Food Preservation: Pressure Canning
Today we’re going to look at pressure canning. This is a completely different method than the hot water bath canning we talked about last week. It requires a different pot, for starters, as shown in the photo. A pressure canner is made of thick aluminum with a clamping lid and is used to can foods with a low acidic content. Here’s a post I wrote about choosing a pressure canner.
Many many people who are into canning never venture into pressure canning. There are two primary reasons. One, pressure canners are a lot more expensive. Two, people are afraid of them. What if the pressure gets too great inside and the pot blows up?
The truth is that you have to pay attention to your canner and NOT let the pressure build too high. However, the pot does have a release valve so it’s highly unlikely that the whole thing will blow up and kill someone. Really!
If you already hot-water-bath can (and I recommend becoming familiar with that method first) you already have a jar lifter, canning jars, snap lids, and screw bands. All those can be used in a pressure canner as well.
In pressure canning, the jars should be a teensy bit less full and don’t require liquid to the top, though it doesn’t hurt. The canner just needs an inch or so of water in total–just enough to make steam, which is what builds the pressure. The whole idea is that steam, under pressure, is at a higher temperature than boiling water, which causes a more secure seal for non-acidic foods.
Regardless of the type of pressure canner, be extremely careful not to damage the rim of the pot by clunking your spoon or anything against it. Aluminum is soft and easily damaged, which may cause it to lose its seal.
I can’t stress enough to become familiar with your pressure canner and the instructions that come with it. Warning aside, I love my pressure canners. Yes, I have two. One is tall enough for two-quart jars. I usually use this very large pot for making big batches of soup that I then ladle into jars and pressure can in the regular sized canner.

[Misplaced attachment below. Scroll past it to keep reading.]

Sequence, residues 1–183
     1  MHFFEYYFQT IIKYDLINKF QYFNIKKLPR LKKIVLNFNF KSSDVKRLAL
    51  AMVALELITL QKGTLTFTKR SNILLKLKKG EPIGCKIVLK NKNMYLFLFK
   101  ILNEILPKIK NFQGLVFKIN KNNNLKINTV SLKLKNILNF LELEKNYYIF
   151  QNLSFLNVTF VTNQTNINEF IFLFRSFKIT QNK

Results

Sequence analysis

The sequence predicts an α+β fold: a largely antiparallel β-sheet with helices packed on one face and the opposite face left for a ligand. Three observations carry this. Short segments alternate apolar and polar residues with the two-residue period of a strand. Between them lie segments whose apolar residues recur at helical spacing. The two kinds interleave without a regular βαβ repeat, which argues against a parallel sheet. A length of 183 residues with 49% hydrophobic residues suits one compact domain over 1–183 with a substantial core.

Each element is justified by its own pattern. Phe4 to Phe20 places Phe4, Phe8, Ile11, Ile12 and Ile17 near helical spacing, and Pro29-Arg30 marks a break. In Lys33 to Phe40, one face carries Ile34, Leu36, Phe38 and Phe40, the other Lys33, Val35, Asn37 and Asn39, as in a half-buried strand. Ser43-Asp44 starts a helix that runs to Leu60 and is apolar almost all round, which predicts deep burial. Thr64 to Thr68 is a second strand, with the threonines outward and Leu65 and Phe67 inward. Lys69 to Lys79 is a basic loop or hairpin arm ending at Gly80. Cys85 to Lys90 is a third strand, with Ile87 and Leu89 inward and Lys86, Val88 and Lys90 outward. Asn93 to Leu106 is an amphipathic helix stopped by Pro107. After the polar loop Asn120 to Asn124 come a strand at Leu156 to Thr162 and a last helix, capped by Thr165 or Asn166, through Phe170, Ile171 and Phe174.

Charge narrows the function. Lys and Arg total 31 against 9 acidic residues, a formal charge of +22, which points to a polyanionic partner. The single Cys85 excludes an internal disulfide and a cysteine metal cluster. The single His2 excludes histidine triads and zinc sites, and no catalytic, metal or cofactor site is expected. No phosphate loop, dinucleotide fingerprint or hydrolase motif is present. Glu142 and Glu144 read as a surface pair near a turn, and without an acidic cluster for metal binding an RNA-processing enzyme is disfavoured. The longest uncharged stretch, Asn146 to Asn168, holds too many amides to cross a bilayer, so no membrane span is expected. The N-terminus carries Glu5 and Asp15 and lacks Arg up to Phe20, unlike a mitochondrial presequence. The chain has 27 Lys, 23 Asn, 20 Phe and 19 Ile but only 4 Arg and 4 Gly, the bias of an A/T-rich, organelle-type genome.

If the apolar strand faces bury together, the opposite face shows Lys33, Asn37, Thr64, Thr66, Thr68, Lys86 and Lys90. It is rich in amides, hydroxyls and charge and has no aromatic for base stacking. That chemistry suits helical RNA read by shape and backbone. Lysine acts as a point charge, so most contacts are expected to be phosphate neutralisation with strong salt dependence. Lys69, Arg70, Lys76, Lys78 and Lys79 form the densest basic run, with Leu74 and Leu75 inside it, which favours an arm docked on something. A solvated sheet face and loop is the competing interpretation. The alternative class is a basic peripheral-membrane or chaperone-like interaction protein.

Some things I pressure can include:
Dry beans: I blogged about canning dry beans a month or two ago.
Soups. Because we live on a farm, raising our own meat, I like to make lots of soup. If I do this in the fall, in particular, I’m also able to make use of garden over-runs on tomatoes, vegetables, and herbs. I also can both chicken and beef broths (with some meat) with only very basic seasonings, so I can create soups on the fly in the winter.
There’s nothing like popping open a quart of homemade soup in the dead of winter and having a hot lunch in minutes! Mmm.
Pasta Sauces: If these have meat in them, or even just a lot of vegetables like mushrooms or roasted zucchini or eggplant, pressure canning is a must. Pasta is a very fast winter meal, and it’s wonderful having our own summer flavors in the pasta jar.
Stews and Chilis: There are lots of recipes that can be safely pressure canned. When Jim used to work from a remote tent camp week after week, I often sent pints of homemade canned foods for him to reheat. (He didn’t have access to ice for a cooler.) I don’t do this a lot these days, but it’s handy to have some jars available.
Have you ever pressure canned? If not, are you tempted? What would you like to home-can that requires this method?